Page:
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The life of a Yorkshire widow: The secret in the garden shed

11 Jan 2024 | Written by Jan Dunbar

In her latest installment of ‘The life of a Yorkshire widow’, Jan Dunbar’s protagonist finds something very mysterious in the garden shed…

I can’t believe it’s nine months since Jack passed away and I still haven’t tackled the garden shed. I’ve always found an excuse to put it off; I’m almost afraid of what I might find. Jack had hidden depths that I very rarely plunged. I put it down to his upbringing, but that’s a story for another day. Anyway, I’d got nothing else planned so, with loins girded – well, old trousers and some trusty marigolds at least – I set off down the garden clutching the shed keys and a very large rubbish bag. 

The first problem was the padlock. None of the keys seemed to fit. I went back to the house and fetched the box of spares. Now some of these keys could have been quite valuable, had I any idea where they’d come from. Many of them looked considerably older than me. I tried one or two but in a fit of frustration, I abandoned the search and fetched a claw hammer from Jack’s toolbox in the garage. Armed with this hefty piece of equipment, I removed not only the padlock but also the mounting and half the door frame. I found my little fit of temper quite liberating.

Having finally gained entry to this mysterious man-cave, I have to admit to being mildly disappointed. It was quite ordinary, if a little mucky. Now I don’t mind a bit of dust or the odd cobweb. I’m not one of those women who spend their lives tied to a feather duster. Once a week does me but this looked a job for an industrial-sized vacuum cleaner and I almost abandoned the task. So I did what any woman would do in my position. I made a pot of tea. Suitably fortified with several custard creams, I returned to the shed, this time armed with a long-handled brush. I don’t like spiders at the best of times and I could see one or two I thought might put up a fight. Jack was my spider removal expert but as he wasn’t here, I set to. Should I go in full steam and sweep them out of the corners and see where they end up, or should I try and gently persuade them out into the garden? The heck with it, I thought, and clouted the first one with the brush then ran out in case it landed on me. On the basis that if I can’t see it, it doesn’t exist, I did the same with the other one. I was wearing stout shoes and having once dealt with several cockroaches in foreign climes, I thought the odds were probably in my favour.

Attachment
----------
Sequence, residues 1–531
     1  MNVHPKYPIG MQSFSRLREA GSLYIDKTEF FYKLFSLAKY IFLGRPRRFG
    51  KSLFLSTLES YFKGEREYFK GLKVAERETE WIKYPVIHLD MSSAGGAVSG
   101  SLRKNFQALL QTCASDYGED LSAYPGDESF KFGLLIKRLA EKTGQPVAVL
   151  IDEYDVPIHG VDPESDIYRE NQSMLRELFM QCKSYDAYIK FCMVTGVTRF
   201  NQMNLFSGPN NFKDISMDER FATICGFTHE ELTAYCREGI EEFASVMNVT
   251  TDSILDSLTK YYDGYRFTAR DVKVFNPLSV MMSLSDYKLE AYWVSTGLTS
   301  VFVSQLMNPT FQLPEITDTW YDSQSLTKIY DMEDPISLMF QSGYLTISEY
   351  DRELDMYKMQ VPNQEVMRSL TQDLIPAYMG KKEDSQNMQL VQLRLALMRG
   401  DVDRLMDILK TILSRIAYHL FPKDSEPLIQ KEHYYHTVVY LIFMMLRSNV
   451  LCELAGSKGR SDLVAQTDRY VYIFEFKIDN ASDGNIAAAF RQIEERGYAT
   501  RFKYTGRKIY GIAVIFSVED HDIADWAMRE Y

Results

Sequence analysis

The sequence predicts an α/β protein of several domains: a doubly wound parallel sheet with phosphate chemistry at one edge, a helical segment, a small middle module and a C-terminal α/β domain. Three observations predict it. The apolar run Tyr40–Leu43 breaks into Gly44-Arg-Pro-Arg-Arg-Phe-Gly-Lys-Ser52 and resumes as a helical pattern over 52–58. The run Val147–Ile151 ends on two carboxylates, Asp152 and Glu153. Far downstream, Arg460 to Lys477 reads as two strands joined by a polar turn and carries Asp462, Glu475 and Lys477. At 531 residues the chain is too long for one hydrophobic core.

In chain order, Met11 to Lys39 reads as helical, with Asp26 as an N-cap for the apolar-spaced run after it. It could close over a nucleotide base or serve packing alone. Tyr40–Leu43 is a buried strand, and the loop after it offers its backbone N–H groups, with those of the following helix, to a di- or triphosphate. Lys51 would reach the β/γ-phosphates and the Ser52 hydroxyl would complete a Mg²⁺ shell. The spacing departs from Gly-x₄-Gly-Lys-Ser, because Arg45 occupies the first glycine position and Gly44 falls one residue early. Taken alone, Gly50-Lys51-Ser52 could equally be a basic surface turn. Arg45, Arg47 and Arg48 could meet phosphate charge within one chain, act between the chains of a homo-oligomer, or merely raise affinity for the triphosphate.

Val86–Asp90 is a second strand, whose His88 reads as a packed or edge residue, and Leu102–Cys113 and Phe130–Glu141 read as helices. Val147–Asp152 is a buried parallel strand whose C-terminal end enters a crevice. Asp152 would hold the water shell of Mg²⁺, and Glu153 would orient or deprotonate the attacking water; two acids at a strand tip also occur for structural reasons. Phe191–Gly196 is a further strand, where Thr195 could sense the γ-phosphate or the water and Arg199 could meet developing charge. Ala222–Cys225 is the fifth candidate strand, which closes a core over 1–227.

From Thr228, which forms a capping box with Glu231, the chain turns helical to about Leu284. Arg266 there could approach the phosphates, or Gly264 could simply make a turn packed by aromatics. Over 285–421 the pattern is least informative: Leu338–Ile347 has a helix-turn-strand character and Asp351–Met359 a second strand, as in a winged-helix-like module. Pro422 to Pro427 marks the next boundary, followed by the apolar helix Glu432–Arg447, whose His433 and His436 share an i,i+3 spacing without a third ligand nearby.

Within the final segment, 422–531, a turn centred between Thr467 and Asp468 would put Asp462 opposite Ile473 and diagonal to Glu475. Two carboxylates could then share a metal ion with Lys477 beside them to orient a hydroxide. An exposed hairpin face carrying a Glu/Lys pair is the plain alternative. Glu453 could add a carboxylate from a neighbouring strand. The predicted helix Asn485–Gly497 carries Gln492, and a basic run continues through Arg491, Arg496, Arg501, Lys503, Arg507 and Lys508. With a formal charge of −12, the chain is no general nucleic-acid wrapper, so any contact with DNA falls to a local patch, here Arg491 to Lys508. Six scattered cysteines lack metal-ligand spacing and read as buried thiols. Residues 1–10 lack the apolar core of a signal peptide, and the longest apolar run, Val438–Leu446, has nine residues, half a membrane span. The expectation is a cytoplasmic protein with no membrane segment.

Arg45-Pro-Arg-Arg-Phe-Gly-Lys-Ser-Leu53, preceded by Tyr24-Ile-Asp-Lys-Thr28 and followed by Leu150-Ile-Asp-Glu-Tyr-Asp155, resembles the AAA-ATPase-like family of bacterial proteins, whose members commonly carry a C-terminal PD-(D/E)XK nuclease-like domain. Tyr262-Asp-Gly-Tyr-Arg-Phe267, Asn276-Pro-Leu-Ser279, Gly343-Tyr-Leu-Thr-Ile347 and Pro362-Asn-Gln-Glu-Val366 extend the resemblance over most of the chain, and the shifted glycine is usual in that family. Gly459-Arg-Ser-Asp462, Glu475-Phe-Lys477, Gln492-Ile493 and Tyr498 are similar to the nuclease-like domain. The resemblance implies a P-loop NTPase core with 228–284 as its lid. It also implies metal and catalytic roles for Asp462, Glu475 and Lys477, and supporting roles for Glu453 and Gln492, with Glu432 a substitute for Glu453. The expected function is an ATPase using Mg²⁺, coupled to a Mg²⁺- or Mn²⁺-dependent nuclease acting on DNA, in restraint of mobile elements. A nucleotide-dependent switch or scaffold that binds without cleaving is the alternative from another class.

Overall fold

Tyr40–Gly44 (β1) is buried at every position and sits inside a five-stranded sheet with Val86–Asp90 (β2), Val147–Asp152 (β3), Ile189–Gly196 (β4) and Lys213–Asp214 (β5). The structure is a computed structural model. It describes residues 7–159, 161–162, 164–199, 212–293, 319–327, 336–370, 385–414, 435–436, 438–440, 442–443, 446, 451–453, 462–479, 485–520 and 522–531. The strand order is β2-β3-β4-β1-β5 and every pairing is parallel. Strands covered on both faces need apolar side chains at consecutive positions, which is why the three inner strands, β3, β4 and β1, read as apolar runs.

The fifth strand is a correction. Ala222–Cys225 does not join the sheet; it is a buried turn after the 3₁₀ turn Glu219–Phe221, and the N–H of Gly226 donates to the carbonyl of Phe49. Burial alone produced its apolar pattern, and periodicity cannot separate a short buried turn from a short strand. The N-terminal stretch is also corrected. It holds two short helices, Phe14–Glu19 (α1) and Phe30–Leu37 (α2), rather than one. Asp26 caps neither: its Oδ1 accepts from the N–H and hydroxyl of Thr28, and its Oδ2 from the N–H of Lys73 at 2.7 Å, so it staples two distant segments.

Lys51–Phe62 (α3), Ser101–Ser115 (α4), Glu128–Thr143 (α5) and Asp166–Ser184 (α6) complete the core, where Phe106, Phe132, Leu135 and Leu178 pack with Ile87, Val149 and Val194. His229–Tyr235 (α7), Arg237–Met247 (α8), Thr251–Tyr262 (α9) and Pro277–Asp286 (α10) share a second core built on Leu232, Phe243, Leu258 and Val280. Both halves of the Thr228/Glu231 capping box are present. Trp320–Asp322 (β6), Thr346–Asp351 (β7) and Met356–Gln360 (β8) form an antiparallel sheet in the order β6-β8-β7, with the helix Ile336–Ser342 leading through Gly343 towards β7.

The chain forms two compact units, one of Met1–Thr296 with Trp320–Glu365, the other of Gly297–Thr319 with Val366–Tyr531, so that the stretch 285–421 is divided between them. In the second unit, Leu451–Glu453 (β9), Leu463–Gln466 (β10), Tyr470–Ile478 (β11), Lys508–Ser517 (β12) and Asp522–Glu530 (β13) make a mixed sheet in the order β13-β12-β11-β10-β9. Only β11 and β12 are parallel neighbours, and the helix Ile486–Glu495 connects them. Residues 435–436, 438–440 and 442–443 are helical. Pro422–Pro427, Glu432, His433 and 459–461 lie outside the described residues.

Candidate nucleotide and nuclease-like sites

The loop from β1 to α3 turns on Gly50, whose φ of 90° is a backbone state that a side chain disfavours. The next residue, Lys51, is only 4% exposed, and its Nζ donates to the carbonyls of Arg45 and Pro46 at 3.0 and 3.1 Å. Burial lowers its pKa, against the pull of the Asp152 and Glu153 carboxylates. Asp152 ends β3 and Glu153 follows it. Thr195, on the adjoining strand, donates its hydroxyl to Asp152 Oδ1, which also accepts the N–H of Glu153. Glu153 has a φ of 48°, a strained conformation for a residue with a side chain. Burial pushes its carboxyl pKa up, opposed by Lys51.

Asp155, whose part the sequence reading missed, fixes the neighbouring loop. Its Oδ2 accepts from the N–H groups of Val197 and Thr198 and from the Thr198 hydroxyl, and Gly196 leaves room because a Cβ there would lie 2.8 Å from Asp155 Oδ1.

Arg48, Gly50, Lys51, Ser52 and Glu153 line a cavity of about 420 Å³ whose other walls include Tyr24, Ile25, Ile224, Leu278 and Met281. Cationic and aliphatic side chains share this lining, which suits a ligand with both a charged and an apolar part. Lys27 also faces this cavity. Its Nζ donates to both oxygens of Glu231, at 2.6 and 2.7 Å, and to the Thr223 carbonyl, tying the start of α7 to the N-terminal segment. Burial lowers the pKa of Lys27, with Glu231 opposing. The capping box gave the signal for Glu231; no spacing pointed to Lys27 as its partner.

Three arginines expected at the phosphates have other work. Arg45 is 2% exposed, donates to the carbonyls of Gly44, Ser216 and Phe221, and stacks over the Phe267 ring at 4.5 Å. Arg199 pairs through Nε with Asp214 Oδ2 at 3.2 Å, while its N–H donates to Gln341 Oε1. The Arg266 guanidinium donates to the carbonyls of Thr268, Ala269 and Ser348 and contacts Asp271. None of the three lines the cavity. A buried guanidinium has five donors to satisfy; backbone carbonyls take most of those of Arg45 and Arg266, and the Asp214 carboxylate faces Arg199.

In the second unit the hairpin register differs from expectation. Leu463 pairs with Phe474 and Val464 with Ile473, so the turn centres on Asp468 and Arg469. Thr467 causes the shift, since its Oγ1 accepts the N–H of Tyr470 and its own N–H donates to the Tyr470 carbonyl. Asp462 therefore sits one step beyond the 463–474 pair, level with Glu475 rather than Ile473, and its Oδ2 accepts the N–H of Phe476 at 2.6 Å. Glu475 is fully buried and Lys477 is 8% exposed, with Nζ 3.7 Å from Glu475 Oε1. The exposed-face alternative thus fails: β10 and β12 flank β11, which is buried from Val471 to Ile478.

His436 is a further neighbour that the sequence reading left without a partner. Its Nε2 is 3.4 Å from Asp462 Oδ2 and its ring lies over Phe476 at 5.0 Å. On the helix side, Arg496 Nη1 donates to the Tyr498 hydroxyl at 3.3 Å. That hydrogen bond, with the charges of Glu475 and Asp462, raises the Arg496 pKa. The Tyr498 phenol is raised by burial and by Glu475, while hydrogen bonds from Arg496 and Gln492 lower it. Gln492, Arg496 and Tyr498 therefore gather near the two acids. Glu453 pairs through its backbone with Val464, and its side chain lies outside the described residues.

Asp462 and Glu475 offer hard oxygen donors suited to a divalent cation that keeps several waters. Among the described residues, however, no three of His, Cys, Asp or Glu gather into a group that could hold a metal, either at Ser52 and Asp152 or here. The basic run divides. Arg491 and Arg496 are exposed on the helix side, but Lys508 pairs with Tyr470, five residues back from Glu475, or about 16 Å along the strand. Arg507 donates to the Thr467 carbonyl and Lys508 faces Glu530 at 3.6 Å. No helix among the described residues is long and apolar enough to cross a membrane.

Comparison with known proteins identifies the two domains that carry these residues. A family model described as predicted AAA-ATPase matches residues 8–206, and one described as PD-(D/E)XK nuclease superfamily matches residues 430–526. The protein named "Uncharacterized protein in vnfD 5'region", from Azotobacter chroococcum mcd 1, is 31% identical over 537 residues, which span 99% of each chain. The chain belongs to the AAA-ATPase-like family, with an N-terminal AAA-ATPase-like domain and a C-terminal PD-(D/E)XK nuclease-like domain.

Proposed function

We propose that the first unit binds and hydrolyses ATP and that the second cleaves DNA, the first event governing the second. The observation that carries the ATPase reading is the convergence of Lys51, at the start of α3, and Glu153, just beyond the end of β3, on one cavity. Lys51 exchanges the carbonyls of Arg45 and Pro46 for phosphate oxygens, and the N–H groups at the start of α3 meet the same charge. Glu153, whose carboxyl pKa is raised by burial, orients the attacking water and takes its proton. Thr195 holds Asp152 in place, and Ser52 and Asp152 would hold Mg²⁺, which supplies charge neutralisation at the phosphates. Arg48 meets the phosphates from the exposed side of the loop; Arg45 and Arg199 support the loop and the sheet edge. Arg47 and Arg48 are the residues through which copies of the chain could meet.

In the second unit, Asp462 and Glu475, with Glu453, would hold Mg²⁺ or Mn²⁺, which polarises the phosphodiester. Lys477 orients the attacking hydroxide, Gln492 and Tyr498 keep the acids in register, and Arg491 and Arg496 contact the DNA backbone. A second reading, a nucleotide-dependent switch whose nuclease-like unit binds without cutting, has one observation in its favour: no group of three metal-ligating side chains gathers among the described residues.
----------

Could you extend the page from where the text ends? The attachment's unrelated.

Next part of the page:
That done, I had time to look around. Eh, what strange things men keep in their sheds. You expect to find half empty paint tins, gardening tools and boxes of things that “might come in handy one day” but I was flabbergasted to find out what my late husband actually did in his spare time. There, sat on the work bench as if it had only just been finished, was a little train made entirely of matchsticks. A locomotive, I think you’d call it or a steam engine perhaps. It was quite beautiful. And I never knew.

I put the little train carefully to one side and decided to tackle the job one shelf at a time, starting at the top where almost everything went into the rubbish bag. Old newspapers, rusty hand tools, a mug with no handle that said I might look like I’m listening but in my head I’m playing bowls. That reminds me, I must pass on Jack’s bowls. I thought to give them to a charity shop but they were a good set so I’m going to donate them to the bowls club.

The second shelf was much the same, with the addition of a painting of The Last Supper that I recognised from his mother’s house. I’ve no idea why he kept that. He wasn’t religious and his mother certainly wasn’t. The nearest she got to religion was meeting her latest conquest in the cemetery behind St. Hilda’s church on a Friday night. That went in the rubbish bag, obviously.

The next shelf had fly-fishing paraphernalia, a couple of forgotten cassette tapes of Hancock’s Half Hour and a Dan Brown paperback. None of it worth keeping. It was only when I got to the bottom shelf that I discovered a wooden box, hidden behind a stack of old Fly Fishing for Beginners magazines. It wasn’t a new box but not old either, and it was locked. The box itself was beautifully made from what I would have said was walnut. It had brass hinges and a solid brass plate on the lid with a swing handle. What intrigued me was that I’d never seen it before. And the fact that it was hidden.

So why was my husband hiding this locked box in his garden shed? And where, I wonder, is the key?

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